Joe Naroff: I do. I think the key issue is this labor force participation rate debate is the fact that, first of all, the labor force participation rate has been coming down for eleven years now. So this is not a new trend. It may be coming down a little bit faster, but it still has been coming down for 11 years. And the other thing is that the extended unemployment benefits have artificially raised the labor force by keeping people in the labor force, because they have to look for jobs as they are receiving benefits. As they drop off, the labor force goes down.
When you take a look at things where people are unemployed because they cannot find work and there are economic reasons, that number is not going up. So I think this is a real number. It may not be 6.7, it may be 6.8 or even 6.9. But even if that is the case, by the time we get to the end of this year, we should be at 6 percent or below 6 percent, and that is approaching full employment and that is what the Fed, I think, is going to be thinking about.
Mark Hamrick: So in that context, in the December meeting, Chairman Bernanke announced that the Fed is beginning to reduce monthly asset purchases, which most recently, I believe, have been put at about $75 billion a month. And he also signaled at that time that if things continue along basically a solid path that they will continue to reduce that number. So do you expect that to happen again then here at the January meeting?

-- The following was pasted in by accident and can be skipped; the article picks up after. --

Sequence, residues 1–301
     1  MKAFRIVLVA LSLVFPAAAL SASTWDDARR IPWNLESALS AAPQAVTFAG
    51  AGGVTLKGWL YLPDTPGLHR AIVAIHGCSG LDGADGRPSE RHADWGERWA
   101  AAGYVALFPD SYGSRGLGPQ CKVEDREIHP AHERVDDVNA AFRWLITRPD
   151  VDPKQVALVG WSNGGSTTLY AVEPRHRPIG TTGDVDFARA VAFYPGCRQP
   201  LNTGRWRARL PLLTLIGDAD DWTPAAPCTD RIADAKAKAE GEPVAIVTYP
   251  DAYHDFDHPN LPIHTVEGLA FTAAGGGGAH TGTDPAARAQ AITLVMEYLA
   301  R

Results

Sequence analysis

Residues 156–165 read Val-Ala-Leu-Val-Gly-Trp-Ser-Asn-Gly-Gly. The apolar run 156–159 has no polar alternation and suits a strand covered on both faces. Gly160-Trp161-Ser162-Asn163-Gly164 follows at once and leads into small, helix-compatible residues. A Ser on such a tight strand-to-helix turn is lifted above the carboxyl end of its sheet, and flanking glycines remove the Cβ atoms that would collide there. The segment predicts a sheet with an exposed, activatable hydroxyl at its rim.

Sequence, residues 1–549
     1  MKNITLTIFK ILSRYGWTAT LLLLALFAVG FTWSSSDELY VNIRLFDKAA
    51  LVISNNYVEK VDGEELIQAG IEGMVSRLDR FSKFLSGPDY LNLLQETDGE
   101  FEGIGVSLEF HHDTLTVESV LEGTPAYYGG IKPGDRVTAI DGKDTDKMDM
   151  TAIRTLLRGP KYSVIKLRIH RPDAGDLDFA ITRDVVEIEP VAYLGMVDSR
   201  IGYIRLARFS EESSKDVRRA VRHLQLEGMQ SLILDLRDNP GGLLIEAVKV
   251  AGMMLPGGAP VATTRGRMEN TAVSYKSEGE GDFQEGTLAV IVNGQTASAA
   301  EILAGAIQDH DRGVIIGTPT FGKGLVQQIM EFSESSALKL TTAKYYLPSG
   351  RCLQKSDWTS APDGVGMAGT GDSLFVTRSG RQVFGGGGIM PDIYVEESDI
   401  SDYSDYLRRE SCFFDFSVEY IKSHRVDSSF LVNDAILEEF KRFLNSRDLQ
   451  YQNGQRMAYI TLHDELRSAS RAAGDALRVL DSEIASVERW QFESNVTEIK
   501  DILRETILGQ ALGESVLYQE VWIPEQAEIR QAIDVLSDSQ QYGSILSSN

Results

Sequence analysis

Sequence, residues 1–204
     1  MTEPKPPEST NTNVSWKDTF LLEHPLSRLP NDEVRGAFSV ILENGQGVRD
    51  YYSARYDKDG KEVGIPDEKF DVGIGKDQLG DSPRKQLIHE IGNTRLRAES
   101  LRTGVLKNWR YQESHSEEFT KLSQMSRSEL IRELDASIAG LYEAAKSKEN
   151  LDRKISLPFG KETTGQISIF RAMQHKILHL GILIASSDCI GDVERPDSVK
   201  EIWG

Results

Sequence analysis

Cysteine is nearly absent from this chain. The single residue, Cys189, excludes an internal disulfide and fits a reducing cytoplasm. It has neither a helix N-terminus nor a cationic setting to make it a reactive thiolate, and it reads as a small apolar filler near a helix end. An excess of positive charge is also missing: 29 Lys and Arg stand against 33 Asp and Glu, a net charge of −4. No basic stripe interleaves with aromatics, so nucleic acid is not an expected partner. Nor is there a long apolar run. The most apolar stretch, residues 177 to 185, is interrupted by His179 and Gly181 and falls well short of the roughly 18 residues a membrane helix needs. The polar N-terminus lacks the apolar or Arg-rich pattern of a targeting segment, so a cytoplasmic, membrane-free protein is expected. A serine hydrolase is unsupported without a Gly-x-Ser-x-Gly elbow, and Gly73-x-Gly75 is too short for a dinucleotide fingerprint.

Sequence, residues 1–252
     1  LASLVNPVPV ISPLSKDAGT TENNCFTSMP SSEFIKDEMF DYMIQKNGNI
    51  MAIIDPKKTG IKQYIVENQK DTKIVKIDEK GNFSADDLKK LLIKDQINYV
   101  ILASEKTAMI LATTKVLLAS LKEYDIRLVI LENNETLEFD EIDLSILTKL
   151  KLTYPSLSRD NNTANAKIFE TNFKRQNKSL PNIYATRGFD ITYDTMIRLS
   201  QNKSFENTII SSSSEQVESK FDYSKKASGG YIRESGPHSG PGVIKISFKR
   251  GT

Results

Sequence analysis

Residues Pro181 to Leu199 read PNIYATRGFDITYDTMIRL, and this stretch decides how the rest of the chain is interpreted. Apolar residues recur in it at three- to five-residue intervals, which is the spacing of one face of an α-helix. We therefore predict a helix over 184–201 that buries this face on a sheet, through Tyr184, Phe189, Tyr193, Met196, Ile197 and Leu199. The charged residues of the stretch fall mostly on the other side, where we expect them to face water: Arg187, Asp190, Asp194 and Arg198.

Joe Naroff: I think that is the case. I think the Fed would like to signal that they believe the economy is continuing to firm. Everybody would have liked to have seen 250,000 jobs created in December. But one month does not make a trend and I think they understand that. And some of the other data are saying that conditions are getting better. Indeed, the forecast for fourth-quarter GDP, which come out the day after the Fed makes its decision, are likely to be pretty good. I think if we had 4 percent in the third quarter and 2.5 percent to 3 percent in the fourth quarter, that says this economy is moving forward and the Fed can continue its tapering process.
Mark Hamrick: So the so-called tapering process involves -- still -- further expansion of the Fed's balance sheet to the extent that it continues to purchase these bonds. But nevertheless, the extent of purchases is declining. So what impact is that having on the broader economy, I guess, on the one hand where the asset sheet continues to be quite large but the expansion of the asset sheet is not as, let's say, expansive as it was before?
Joe Naroff: Well, the interesting thing about all of this is the fact that, since the meeting, longer-term rates have actually come down rather than gone up. You would think the opposite would be the case. I think what the markets are now beginning to focus on, more than simply what the Fed is doing, is where the economy is going. If we get a very strong January employment report, which is what I expect even if the unemployment rate goes up, I think the markets will simply be saying, "Hey, this economy is beginning to firm." And if that is the case, we know the Fed is going to keep tapering. We know that growth is going to lead to, more than likely, somewhat higher inflation, and interest rates will move.